If you’re from a country that doesn’t have emotional support animals, here’s how it works.

Sometimes places ban or restrict animals. For example, an apartment building might not allow dogs. Or an airline might charge you money to transport your cat. But the law requires them to allow service animals, for example guide dogs for the blind. A newer law also requires them to, in some circumstances, allow emotional support animals, ie animals that help people with mental health problems (like depression or anxiety) feel better. So for example, if you’re depressed, and having your dog nearby makes you feel better, then a landlord has to let you keep your dog in the apartment. Or if you’re anxious, but petting your cat calms you down, then an airline has to take your cat free of charge.

Clinically and scientifically, this is great. Many studies show that pets help people with mental health problems. Depressed people really do benefit from a dog who loves them. Anxious people really do feel calmer when they hold a cute kitten.

Legally, it’s a racket. In order to benefit from these rules, you need for a psychiatrist to write you an “emotional support animal letter”, saying that your pet is actually an emotional support animal. In theory, the psychiatrist should evaluate you carefully, using their vast expertise to distinguish between an emotional support animal and a normal pet. In practice, nobody has a rubric for this evaluation that makes sense. I’m not saying there aren’t long, scholarly-sounding papers with tiles like A Rubric For The Emotional Support Animal Evaluation That Makes Sense and twenty-seven authors from the psychiatry departments of top medical schools. I’m saying that when you take out all the legalese, the executive summary is “think really hard about whether this animal really helps this person, then think really hard about whether it will cause trouble, and if it helps the person and won’t cause trouble, sign the letter”.

Here’s a typical case: you’ve been seeing a patient with depression for three years. You prescribe them medication, maybe they get a little better, maybe they go up and down randomly in the way of all depression patients. Then they say “My roommate is leaving, so I need to move to a new apartment. But almost nowhere allows dogs, and the only place that does allow them charges more than I can afford. Please write me an emotional support animal letter or else I’ll lose my beloved Fido, the light of my life.”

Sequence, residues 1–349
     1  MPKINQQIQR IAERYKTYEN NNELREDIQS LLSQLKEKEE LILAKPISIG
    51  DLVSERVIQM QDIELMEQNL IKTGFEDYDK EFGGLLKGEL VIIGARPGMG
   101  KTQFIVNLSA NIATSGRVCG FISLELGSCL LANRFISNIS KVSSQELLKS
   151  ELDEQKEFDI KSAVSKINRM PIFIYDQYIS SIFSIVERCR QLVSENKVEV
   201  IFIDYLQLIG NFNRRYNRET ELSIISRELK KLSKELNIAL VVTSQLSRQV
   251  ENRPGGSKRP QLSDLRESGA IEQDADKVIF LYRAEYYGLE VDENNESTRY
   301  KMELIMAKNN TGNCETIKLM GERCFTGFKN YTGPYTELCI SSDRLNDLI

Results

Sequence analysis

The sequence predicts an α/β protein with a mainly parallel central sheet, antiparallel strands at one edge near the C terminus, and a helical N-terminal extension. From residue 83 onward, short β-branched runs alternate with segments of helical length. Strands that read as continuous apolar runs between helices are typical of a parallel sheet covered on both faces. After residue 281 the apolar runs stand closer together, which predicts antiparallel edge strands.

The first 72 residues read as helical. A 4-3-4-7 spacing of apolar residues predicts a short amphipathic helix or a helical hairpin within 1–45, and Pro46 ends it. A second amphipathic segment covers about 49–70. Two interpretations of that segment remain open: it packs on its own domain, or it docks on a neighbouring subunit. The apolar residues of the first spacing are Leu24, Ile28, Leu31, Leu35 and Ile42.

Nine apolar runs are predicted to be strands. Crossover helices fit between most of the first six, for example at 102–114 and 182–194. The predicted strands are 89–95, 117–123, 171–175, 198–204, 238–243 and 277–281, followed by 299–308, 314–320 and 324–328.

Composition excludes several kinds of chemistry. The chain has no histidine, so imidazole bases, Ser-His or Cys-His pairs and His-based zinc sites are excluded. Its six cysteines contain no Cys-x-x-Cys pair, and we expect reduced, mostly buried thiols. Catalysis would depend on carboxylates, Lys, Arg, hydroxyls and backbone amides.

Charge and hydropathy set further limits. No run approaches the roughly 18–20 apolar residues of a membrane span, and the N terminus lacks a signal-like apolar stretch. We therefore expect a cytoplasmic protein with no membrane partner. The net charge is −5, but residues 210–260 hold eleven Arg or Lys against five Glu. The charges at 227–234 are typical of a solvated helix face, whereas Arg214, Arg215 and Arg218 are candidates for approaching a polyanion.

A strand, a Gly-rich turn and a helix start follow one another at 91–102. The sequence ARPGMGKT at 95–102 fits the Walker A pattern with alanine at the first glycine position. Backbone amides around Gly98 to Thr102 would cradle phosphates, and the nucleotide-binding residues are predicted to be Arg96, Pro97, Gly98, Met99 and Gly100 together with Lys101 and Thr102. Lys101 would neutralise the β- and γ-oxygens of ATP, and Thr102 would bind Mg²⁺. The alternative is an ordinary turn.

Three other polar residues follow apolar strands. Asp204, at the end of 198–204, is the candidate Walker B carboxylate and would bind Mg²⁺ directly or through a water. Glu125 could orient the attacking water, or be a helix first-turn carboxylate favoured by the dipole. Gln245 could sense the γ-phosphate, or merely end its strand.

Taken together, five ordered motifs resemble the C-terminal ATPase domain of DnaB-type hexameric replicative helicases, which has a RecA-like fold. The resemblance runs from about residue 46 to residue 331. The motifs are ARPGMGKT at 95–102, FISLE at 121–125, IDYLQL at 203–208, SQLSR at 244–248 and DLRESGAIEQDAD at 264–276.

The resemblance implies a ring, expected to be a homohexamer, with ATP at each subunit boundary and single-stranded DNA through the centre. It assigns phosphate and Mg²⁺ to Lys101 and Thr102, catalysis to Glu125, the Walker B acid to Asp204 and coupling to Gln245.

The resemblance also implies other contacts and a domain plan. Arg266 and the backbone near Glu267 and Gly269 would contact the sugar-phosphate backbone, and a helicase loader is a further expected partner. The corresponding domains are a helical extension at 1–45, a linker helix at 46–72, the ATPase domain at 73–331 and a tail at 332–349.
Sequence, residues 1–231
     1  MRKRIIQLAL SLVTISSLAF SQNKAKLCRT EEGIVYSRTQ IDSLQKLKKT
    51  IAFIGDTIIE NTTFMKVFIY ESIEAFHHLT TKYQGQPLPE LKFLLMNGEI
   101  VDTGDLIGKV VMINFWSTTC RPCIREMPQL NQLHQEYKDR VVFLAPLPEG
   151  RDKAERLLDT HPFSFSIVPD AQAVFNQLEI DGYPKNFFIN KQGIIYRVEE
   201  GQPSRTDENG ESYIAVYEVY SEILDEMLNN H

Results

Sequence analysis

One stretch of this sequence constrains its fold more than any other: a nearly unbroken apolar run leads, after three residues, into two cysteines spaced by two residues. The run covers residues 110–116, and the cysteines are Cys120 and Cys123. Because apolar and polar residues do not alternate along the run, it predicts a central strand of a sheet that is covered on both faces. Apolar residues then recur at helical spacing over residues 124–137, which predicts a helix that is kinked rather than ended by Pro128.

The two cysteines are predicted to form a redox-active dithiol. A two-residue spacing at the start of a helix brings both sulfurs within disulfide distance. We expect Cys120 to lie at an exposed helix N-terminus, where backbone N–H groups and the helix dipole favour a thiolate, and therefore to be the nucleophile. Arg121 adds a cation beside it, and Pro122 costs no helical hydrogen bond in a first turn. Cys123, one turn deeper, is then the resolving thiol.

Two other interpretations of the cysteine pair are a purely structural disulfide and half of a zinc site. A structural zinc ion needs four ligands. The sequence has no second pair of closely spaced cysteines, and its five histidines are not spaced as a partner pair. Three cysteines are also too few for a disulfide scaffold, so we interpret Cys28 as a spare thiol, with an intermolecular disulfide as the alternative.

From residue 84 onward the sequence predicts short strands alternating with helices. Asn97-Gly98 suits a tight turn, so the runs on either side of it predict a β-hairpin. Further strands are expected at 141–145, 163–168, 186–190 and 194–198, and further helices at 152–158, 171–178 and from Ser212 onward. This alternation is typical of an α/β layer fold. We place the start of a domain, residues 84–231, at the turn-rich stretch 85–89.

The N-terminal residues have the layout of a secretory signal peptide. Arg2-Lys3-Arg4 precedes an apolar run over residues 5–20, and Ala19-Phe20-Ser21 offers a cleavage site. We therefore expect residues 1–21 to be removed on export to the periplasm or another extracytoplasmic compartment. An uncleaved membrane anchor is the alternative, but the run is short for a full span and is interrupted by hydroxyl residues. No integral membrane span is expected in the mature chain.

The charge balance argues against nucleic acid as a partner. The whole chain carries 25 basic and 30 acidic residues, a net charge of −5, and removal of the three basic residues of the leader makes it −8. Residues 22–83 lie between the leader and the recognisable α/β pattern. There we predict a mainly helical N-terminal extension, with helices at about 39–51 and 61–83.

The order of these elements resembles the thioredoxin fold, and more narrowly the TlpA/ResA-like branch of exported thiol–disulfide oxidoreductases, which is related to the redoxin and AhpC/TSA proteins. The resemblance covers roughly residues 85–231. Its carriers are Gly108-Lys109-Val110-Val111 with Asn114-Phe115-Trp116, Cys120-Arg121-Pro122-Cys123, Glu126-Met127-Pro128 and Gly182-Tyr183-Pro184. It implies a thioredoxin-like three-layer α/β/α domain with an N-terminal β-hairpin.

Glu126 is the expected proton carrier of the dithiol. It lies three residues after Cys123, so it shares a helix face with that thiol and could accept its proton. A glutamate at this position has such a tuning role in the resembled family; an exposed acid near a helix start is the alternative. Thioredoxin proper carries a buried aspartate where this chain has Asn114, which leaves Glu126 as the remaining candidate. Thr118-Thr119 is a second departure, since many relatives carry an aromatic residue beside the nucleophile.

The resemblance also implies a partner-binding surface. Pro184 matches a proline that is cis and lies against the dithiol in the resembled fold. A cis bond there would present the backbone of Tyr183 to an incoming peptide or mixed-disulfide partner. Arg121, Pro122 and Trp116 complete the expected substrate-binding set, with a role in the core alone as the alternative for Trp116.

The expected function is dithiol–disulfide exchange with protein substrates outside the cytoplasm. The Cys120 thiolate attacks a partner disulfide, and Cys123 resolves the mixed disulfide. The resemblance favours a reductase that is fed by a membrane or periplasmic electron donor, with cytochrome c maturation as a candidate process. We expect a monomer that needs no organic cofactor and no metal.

So you say, okay, I’ve got to do an evaluation to see if you’re really depressed. They say “You’ve been treating me for depression for three years, you’ve prescribed me six different antidepressants, come on.” You say okay, fine, I’ll skip that part, but I’ve got to do an evaluation to see if your animal really helps you. They say “I feel so much better whenever I’m with Fido, he really brightens up my day.” You ask the same question several times, in the manner of all psychiatrists, and your patient always gives the same answer. Then you say “I’ve got to evaluate whether your animal is safe,” and he says “Oh yeah, Fido is such a good boy, he would never hurt a fly.” Now what?

You could keep evaluating harder. You could make them bring Fido into your office (good luck!) and observe him. The observation would look like your patient petting a dog for a half-hour appointment, for which you charge them $200. You could get “collateral history” from friends and family: “Is Fido really a good boy? Does your cousin seem happier when Fido is around?” At some point this becomes insane and humiliating. Good luck figuring out which point that is.